R&D Tax Relief / Credits
Are you or companies you know of making the most of your/their R&D tax relief? Todd McCully of GGTC explains how you could be missing out.
Whilst we maintain our organic growth that has served us well over the years, we are now looking for opportunities to bring in more introducer's amongst our midst. In doing so we in turn pass on our success to the introducing party by way of a fee sharing arrangement that can be beneficial for both parties. this does not exclude accountants, as we encourage working relationships to remain the same and are always on the lookout to grow our ever expanding accounting partners base.
HMRC believes there are potentially over 150,000 SME's alone that could benefit from the scheme. However, the uptake to date remains relatively low, particularly in comparison to Europe. HMRC state that the average claim value, ie. the tax benefit or tax credit, is £40,000 per accounting period. It is also worth noting that an initial claim is able to take in to account two retrospective years, therefore potentially doubling the HMRC average claim value in the first claim cycle.
Companies incurring expenditure on qualifying Research and Development (R&D) are eligible to claim the tax benefits introduced in the UK to encourage scientific and technological development.
What is R&D?
R&D has a much wider definition than you might think and can cover areas such as:
• Work in science and technology (including software and engineering) to achieve an advance in knowledge
• Work to develop new products, or services incorporating an advance in science or technology.
• Work to solve technological uncertainties where the best approach is not known in advance, nor readily deducible by a competent technologist.
The work can qualify right up to the stage when you have a working prototype or you have a system or product that is ‘fit for purpose’.
The majority of companies we speak to that are eligible for an R&D tax claim do not even realise it!
• R&D Tax Relief is available at a ‘super deduction’ rate for companies which incur revenue expenditure on R&D. The rate of deduction for qualifying R&D expenditure is currently at 175% for SME’s which corresponds to a cash benefit of 15.75% of qualifying expenditure for an SME operating with the 21% Corporation Tax rate.
For large companies, the reliefs are less generous and currently are worth 8.4% of qualifying expenditure, based on a corporation tax rate of 28%.
What is an SME?
From 1 August 2008 an SME would need less than 500 employees. There is also a financial test based on assets or turnover. There are further rules that determine the status of an SME, but GGTC can help a claimant determine the company status if there is any doubt.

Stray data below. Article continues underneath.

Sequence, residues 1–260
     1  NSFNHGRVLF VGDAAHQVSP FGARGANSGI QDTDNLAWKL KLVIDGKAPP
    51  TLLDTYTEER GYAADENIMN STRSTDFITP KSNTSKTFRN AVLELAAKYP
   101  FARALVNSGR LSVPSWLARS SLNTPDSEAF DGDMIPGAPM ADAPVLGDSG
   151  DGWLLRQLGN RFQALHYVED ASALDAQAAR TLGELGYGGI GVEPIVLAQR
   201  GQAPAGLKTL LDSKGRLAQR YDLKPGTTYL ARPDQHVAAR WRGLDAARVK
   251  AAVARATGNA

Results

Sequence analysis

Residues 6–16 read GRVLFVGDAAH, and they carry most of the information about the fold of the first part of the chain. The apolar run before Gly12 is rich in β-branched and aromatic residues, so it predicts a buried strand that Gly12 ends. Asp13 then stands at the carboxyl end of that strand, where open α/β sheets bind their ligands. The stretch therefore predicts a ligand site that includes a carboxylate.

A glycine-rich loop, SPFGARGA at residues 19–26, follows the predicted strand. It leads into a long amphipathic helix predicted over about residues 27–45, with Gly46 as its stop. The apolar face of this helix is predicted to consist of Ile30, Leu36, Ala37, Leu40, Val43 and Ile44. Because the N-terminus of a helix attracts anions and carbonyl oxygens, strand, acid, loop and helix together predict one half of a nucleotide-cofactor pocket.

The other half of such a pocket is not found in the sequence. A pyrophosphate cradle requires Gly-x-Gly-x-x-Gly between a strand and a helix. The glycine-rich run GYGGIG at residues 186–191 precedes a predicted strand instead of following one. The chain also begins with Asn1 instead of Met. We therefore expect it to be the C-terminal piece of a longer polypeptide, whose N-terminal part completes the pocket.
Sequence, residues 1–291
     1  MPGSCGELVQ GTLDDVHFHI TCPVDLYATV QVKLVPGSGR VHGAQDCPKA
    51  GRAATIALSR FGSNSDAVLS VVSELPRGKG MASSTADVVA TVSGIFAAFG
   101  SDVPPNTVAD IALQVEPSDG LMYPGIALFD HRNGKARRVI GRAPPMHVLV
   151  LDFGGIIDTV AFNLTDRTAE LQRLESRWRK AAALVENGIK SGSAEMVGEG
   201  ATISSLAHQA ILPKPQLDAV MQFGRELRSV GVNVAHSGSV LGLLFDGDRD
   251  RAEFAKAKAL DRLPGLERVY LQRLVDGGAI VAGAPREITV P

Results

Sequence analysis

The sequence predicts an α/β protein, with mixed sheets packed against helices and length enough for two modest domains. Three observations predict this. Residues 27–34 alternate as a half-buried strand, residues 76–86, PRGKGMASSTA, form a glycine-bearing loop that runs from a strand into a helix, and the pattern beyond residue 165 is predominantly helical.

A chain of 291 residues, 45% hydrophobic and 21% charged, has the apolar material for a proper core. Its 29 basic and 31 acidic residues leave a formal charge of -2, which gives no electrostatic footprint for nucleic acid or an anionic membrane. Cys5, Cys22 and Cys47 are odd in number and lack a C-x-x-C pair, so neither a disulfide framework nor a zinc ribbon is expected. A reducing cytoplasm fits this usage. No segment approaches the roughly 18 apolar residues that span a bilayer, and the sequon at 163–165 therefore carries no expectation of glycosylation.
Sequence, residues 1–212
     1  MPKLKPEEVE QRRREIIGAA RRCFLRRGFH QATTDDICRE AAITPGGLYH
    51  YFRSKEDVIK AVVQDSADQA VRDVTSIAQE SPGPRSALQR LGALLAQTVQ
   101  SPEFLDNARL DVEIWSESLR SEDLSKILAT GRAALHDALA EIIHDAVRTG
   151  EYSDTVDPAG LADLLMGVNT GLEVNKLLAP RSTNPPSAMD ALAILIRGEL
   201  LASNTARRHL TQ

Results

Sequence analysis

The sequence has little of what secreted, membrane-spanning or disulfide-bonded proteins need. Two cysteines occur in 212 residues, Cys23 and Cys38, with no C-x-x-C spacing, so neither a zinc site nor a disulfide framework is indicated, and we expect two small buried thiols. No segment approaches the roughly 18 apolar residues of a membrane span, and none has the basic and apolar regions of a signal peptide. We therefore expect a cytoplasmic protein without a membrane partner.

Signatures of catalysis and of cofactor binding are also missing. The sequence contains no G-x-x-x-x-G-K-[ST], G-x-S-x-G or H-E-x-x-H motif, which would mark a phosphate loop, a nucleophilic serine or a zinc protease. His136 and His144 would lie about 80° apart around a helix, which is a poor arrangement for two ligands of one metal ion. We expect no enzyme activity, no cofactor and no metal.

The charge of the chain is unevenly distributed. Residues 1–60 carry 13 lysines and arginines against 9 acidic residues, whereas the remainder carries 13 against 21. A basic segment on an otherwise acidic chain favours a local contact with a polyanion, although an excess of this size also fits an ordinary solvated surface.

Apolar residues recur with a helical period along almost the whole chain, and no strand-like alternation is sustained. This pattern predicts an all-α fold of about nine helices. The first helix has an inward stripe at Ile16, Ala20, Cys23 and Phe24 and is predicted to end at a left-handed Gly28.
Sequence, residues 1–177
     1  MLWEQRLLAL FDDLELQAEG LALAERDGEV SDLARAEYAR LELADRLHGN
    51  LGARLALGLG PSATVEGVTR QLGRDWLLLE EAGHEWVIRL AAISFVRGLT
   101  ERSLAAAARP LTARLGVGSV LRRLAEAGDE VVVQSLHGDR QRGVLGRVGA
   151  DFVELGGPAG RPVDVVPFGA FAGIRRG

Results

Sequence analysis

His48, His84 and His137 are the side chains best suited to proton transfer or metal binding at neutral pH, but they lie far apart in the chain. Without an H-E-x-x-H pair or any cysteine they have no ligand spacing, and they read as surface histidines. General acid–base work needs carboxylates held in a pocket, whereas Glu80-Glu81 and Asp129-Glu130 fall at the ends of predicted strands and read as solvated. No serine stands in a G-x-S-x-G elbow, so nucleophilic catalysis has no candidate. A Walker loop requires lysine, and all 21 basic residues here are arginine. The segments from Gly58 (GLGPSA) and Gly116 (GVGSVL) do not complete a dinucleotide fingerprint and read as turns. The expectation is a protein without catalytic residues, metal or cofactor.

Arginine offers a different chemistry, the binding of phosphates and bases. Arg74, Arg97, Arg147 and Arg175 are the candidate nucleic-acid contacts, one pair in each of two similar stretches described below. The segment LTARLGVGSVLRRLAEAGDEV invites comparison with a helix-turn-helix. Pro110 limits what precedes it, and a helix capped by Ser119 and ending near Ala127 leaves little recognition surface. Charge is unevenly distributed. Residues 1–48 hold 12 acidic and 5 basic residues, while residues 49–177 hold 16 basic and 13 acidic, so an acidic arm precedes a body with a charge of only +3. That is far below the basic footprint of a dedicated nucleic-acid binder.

Typical qualifying R&D costs include staff costs, consumables (including water fuel and power), software licenses and subcontracting expenditure.
2011 Budget Changes
George Osborne announced that from 1st April 2011 the R&D tax relief rate for SME’s will rise from 175% to 200% – and from 1st April 2012 it will rise again to 225%! The large company scheme remains the same at 130%. But let’s not forget that this is in combination with a reduction in the rates of corporation tax. This means that the revised cash benefit for companies performing R&D with SME status will rise to around 25% of R&D expenditure from 1st April 2012 while large company benefit drops to 7.5%. So bad news for large companies.
Corporation Tax Changes
Legislation will be introduced in Finance Bill 2011 to reduce:
• The main rate of corporation tax to 26% for the financial year commencing 1 April 2011;
• The main rate of corporation tax to 25% for the financial year commencing 1 April 2012; and
• The small profits rate of corporation tax to 20% from the financial year commencing 1 April 2011. ( note that most of our target clients tend to fall into this bracket). We need to wait and see what comes out of the EU consultation and finer tuning of the detail by the government. The full detail of these changes is due to be released in the next two months.
GGTC were formed in 2006, although partners involved in the business have been associated with the R&D Tax Scheme since 2001. Whilst GGTC have partnerships with accountants, they are not an accountancy firm and therefore the relationship between the claimant and their accountant remains as before.
During this time we have developed an in depth knowledge of the R&D Tax Relief scheme and are able to define claim opportunities quickly and maximise claim potential.
By all mean please be in tocuh if you would like to learn more on how you or companies you know of could benefit.